One reason for the Community Shuttle’s success is that its riders are not only employees from larger businesses but people that rely solely on the system to get around the city. Moreover, it also provides midday services whereas MVgo runs during commuting hours.

Mountain view community shuttle bus
Mountain View Community Shuttle bus. Source: The City of Mountain View

In MVgo’s case, extending the operating hours to provide midday services might seem a costly risk for the members of MTMA. On the other hand, perhaps the statistics of the Community Shuttle’s high ridership could reassure the organization to extend the service hours to the midday period.

The Community Shuttle has its own challenges to face. Very soon, Google’s funding expires and the City of Mountain View is determining the next steps on how to keep the funding going.

If the city wishes to fund the program fully, it’s immediately hit head-on with the question of how it can sustain such an investment. Alternatively, there could be another kind of partnership. A potential outcome could be that the MTMA takes over the program and the city contributes as a member.

However, this wouldn’t be so straightforward. The challenge lies in ensuring equity among the MTMA members who fund the services, as well as the designation of MTMA resources to provide a general community benefit, while also balancing the TDM needs of members to support their trip reduction requirement imposed by the City.

How Sustainable Is Fare-Free Transit?

Numerous cities around the globe are experimenting with fare-free transit. Some cases have resulted in a significant increase in people switching from their cars to public transit, whereas in other places the concept has proven less successful.

Woman entering a bus

During the interview, Roni brought to our attention an interesting case that makes her believe that fare-free transit can be sustainable over a longer period of time. The reason amounts to the sustainability and reliability of mass transit.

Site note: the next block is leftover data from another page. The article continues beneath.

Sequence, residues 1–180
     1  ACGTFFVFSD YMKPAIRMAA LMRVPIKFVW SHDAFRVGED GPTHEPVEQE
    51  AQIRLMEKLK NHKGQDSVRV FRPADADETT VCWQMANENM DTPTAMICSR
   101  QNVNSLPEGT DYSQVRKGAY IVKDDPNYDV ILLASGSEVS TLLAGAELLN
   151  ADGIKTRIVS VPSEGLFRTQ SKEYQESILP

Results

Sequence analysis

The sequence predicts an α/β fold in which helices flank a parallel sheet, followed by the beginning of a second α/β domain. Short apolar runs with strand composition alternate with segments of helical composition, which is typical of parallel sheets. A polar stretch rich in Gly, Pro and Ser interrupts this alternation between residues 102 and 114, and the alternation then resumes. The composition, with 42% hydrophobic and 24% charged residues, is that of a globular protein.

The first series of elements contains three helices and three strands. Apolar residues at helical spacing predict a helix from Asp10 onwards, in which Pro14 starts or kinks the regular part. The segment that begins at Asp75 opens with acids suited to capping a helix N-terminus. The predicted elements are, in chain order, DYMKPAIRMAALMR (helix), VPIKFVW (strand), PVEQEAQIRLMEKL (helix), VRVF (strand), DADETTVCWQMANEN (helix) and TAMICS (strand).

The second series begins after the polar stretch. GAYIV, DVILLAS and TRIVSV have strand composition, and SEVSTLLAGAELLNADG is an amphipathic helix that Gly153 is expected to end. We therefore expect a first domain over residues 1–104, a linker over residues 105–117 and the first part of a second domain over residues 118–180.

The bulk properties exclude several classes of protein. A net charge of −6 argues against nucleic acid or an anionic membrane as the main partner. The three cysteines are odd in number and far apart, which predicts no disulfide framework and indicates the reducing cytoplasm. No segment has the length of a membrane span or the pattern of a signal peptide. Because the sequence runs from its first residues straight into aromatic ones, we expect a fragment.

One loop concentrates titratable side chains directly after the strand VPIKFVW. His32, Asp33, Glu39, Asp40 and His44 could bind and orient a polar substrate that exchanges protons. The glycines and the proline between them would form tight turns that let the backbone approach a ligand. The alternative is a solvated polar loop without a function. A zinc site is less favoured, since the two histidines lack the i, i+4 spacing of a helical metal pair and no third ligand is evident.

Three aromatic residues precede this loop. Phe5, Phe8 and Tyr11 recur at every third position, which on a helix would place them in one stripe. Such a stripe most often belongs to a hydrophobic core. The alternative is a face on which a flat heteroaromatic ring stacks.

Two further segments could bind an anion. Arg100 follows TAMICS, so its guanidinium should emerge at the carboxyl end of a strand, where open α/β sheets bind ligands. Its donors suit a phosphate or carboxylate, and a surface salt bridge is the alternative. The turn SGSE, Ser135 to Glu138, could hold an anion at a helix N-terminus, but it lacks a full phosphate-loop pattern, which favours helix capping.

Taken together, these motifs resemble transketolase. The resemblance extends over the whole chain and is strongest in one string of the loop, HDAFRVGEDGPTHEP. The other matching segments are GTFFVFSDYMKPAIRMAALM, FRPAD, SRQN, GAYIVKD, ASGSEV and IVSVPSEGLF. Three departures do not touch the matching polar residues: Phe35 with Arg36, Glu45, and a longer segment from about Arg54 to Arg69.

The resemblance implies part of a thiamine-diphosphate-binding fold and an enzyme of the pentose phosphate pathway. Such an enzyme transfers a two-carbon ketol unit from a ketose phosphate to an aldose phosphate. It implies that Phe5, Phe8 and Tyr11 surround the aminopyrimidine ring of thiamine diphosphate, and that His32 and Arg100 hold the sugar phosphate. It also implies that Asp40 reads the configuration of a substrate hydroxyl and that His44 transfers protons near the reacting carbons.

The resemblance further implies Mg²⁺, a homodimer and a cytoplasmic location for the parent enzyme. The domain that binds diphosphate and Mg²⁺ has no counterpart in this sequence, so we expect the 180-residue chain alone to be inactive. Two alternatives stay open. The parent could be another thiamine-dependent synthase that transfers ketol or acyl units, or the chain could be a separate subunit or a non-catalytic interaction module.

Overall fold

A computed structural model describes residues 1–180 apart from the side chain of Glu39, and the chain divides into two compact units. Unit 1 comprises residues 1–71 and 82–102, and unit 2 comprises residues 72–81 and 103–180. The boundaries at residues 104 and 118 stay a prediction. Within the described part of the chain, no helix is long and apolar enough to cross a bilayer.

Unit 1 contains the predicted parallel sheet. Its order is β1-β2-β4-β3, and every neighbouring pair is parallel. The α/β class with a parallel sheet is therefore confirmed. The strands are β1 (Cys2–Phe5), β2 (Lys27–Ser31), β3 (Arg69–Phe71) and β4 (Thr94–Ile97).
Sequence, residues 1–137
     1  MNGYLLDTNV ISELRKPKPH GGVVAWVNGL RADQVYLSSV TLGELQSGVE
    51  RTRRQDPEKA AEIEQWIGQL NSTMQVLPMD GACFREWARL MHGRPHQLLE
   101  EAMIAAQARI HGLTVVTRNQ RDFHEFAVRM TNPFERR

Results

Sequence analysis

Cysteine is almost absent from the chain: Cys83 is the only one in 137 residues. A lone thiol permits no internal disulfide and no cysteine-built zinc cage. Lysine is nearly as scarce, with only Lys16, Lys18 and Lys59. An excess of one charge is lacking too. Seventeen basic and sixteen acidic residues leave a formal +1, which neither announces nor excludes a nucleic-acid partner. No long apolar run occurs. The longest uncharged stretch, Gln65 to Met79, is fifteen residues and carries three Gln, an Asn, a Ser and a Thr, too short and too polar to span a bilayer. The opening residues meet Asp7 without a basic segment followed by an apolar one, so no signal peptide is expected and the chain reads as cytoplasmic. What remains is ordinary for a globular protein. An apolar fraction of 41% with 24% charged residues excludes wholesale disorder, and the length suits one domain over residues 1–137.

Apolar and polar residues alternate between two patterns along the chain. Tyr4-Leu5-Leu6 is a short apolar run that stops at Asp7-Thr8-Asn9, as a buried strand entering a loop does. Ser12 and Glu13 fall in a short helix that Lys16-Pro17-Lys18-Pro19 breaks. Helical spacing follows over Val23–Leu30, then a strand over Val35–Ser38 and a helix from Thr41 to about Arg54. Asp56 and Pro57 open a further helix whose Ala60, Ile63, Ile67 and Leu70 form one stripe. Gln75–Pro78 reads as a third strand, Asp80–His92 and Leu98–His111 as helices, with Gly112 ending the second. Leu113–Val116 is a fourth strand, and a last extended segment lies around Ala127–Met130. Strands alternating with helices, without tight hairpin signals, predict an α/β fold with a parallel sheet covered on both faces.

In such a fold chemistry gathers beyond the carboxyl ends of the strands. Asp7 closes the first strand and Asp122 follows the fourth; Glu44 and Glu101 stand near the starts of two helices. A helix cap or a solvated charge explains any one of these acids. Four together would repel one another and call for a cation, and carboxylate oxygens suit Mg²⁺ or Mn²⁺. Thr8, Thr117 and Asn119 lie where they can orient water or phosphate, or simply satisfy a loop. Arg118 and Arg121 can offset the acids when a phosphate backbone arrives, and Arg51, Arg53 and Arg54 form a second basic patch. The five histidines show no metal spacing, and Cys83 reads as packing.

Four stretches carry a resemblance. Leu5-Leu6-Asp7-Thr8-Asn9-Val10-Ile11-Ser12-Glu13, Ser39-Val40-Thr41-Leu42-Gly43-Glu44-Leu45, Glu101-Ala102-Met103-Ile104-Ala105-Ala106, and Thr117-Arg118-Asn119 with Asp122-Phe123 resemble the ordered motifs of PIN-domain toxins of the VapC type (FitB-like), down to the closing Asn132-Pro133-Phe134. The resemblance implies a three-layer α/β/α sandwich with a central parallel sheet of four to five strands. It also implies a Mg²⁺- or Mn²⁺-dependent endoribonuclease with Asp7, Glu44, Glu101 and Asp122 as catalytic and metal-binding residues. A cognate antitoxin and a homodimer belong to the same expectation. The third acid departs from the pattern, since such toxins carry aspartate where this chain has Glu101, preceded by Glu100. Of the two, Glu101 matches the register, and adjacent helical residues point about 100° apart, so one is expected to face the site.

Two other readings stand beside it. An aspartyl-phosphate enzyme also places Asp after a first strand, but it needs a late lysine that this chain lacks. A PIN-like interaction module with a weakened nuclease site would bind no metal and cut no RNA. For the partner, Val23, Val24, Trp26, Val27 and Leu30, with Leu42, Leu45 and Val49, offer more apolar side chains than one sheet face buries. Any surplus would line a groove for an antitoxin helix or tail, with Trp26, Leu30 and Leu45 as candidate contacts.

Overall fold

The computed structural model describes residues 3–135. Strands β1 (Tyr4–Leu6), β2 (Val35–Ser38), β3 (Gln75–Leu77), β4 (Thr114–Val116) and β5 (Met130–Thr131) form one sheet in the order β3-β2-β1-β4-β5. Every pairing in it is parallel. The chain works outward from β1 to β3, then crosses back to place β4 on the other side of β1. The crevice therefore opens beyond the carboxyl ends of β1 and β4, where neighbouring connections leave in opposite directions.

“In terms of financial stability for transportation programs such as first/last mile shuttles, public-private partnerships, such as city-imposed conditions on new development, are key to ensuring sustainability of such programs to support continued growth throughout the Bay Area.

Emeryville provides a good example of this when they launched the Emery Go-Round in 1995, thirty years on this service is still going strong and is a vital service to the city; it’s the reason why people and larger employers come in and establish their bases there.”

While challenges undoubtedly exist, the sustainability and reliability of mass transit coupled with strategic funding agreements demonstrate that free public transport fares can be a viable and lasting solution for urban mobility.


Over the coming months, the MTMA will be focusing its attention to stay on top of the various changes in transportation options. As well as shuttle services, the organization will be watching closely how people are getting around in the constantly evolving mobility ecosystem.

In addition to trying to bridge the midday gap in the MVgo services, the organization is continuing its work to give a big promotional punch to the city to encourage people to adopt public transit.

Roni concluded the interview by stressing that the shift in travel behavior stretches far beyond a free ride. Rather, it is the equilibrium of factors that makes public transit more appealing, reliable, and efficient than using a private vehicle. A single, bad experience, such as a late arrival or canceled service, can put someone back in the mindset that the car is better.

Scott Frankland

Scott Frankland is Head of Content at Sengerio. His spirit of inquiry leads him to the world of transportation and mobility to connect with the industry’s leading experts and shine a light on the hot topics.

Edoardo Zaccaria

Edoardo is the Sengerio Customer Success Manager and a passionate climber. His interpersonal skills and ability to build strong relationships have been invaluable in helping customers successfully get the most out of the Sengerio platform.